All those who ate that bread [manna] died in the desert, but this food which you receive, this “living bread which came down from heaven,” furnishes the energy for eternal life. Whoever eats this bread “will not die forever,” for it is the body of Christ. … That manna was subject to corruption if kept for a second day. This is foreign to every corruption. Whoever tastes it in a holy manner shall not be able to feel corruption. For them water flowed from the rock. For you blood flows from Christ. Water satisfied them for the hour. Blood satisfies you for eternity.
What we eat, what we drink, the Holy Spirit expresses to you elsewhere, saying; “Taste and see that the Lord is sweet. Blessed is the one who trusts in him.” Christ is in that sacrament, because the body is Christ’s. So the food is not corporeal but spiritual.
And did all eat the same spiritual meat. Not, as Calvin supposes, the same as we, as though Christians and Hebrews alike feed, not on the Real Body of Christ, but on the typical.
You will say, perhaps, that S. Augustine (tract25 in Johan.) and S. Thomas explain it to be the same as we eat. I reply: They understand "the same" by analogy, for the Hebrews received typically what we receive really. But this is beside the meaning of the Apostle, who understands the same to refer, not to us but to themselves. All the Hebrews , whether good or bad, ate the same food, that is the same manna. This is evident from the context, "But with many of them God was not well pleased," that is to say, that though all ate the same manna, drank of the same water from the rock, yet all did mot please God. As, then, they had one baptism and one spiritual food, so too have we; and as, notwithstanding, they were not all saved, but many of them perished, so is it to be feared that many of us may perish, althoug...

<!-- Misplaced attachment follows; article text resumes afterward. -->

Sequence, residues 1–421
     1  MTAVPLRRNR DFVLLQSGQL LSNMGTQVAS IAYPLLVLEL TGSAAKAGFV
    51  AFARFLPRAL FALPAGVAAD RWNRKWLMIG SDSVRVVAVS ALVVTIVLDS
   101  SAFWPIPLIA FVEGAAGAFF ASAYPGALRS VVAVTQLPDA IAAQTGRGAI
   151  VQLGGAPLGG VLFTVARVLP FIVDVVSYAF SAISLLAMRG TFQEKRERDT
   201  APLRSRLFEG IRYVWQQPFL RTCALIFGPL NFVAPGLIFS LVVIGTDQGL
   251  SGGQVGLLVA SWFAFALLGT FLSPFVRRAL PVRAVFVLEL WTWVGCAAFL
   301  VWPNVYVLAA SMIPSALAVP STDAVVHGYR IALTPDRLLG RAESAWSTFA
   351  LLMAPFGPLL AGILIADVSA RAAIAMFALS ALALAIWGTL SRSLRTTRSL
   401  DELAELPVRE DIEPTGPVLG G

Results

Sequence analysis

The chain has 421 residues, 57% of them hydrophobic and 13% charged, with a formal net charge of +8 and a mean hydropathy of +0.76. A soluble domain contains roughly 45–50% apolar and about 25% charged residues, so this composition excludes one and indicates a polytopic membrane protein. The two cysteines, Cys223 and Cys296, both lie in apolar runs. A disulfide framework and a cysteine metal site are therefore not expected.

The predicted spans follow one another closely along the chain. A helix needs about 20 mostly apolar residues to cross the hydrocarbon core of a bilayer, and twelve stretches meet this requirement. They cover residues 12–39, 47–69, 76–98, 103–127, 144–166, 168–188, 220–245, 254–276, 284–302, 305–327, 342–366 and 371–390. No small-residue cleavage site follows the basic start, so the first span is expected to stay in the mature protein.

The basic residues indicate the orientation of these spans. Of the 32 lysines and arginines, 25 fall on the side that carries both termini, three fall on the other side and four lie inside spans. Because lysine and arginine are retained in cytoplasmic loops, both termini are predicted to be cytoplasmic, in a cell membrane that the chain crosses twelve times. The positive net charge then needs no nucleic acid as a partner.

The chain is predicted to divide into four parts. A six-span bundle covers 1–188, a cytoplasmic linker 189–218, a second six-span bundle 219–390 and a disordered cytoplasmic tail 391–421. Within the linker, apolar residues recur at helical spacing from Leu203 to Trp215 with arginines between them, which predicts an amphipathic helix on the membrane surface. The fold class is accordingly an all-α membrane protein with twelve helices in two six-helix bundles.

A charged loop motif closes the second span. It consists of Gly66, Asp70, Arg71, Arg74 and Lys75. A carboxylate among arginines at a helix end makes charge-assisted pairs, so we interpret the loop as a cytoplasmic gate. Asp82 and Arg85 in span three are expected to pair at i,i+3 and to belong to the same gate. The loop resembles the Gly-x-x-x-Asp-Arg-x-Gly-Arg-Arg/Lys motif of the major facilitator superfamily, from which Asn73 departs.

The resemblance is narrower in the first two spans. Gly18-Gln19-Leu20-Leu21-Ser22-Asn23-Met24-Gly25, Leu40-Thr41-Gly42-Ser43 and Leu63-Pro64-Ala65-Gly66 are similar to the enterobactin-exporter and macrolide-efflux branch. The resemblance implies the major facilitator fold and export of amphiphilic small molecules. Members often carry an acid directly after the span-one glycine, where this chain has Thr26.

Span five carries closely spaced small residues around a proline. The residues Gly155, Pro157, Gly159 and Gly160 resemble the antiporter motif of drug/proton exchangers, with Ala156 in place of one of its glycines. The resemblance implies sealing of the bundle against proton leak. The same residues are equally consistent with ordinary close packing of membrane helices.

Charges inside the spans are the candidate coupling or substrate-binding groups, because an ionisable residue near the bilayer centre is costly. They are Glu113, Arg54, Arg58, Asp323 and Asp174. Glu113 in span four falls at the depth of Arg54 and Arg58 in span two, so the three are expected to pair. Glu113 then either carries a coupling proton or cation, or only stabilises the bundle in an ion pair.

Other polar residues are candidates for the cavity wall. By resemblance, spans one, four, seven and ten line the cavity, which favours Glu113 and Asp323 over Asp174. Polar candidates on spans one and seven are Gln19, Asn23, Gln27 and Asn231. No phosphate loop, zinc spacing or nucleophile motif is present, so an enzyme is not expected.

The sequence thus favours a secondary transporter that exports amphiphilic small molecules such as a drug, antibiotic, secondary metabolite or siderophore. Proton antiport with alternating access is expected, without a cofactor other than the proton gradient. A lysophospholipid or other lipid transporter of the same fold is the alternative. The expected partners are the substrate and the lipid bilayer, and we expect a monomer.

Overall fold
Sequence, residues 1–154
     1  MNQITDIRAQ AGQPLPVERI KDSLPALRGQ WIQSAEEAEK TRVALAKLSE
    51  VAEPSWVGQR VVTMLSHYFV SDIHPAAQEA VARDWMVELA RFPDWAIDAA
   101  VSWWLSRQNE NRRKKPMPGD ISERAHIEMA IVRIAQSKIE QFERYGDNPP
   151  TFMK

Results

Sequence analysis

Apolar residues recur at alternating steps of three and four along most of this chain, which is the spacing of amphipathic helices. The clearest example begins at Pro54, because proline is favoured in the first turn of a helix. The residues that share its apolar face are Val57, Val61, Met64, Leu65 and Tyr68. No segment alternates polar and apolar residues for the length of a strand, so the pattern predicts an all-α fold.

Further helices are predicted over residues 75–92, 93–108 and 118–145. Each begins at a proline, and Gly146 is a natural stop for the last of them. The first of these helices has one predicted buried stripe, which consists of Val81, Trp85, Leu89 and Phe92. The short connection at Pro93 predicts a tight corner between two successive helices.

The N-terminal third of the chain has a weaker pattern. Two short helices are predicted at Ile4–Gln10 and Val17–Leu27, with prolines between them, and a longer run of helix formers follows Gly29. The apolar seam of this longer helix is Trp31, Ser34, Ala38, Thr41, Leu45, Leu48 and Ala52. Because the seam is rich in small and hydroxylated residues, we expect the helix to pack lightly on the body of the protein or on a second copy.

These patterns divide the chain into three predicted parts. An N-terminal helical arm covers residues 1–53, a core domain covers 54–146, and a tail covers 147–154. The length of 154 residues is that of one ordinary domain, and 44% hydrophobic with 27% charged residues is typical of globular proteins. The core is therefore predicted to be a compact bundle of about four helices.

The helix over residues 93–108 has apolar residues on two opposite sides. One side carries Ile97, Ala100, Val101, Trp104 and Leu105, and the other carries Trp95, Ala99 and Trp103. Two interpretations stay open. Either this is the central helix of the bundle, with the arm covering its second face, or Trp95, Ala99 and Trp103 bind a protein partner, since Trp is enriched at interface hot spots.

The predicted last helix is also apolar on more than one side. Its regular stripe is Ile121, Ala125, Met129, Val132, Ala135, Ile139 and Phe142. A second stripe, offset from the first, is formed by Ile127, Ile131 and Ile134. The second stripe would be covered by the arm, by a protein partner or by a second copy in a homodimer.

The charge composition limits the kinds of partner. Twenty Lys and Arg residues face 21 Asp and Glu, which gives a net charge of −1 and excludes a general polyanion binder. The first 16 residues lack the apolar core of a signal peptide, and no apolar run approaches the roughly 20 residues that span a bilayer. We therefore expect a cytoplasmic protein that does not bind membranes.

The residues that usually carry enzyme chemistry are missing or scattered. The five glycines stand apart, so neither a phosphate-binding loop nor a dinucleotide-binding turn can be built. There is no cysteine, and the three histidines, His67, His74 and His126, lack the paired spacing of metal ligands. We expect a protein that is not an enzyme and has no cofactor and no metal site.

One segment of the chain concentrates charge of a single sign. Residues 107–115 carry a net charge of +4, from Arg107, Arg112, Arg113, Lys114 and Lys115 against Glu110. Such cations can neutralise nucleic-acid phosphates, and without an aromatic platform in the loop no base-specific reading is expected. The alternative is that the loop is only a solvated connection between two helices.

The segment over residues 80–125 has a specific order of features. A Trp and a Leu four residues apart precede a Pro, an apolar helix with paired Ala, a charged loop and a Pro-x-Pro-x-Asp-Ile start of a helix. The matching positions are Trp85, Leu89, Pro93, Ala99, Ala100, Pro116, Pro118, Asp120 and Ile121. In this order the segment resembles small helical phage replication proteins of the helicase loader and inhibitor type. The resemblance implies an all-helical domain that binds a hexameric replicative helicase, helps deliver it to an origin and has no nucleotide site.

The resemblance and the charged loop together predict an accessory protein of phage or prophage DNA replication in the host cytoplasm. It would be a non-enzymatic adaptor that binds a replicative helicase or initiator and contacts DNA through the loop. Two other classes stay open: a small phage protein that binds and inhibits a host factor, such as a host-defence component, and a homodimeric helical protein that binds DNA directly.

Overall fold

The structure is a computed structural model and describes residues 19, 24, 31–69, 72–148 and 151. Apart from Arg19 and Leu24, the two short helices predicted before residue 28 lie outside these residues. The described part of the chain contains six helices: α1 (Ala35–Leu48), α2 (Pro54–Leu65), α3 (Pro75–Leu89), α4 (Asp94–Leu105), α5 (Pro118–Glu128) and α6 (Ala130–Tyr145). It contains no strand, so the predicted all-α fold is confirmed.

All eat the same spiritual food, to wit, the manna, which seemed to come from heaven, and was a figure of the eucharist, the spiritual food of our souls.
All drank the same spiritual drink, and.rock that followed them, by which is understood the stream of water, that came miraculously out of the rock struck by Moses, and which is said to have followed them, because it ran plentifully through their camp.
And the rock was Christ, a figure of Christ; for all these things (ver. 11.) happened to them in figure. (Witham)
The divine apostle also, in calling the Lord “spiritual food and drink,” suggests that he knows that human nature is not simple, but that there is an intelligible part mixed with a sensual part and that a particular type of nurture is needed for each of the elements in us—sensible food to strengthen our bodies and spiritual food for the wellbeing of our souls. .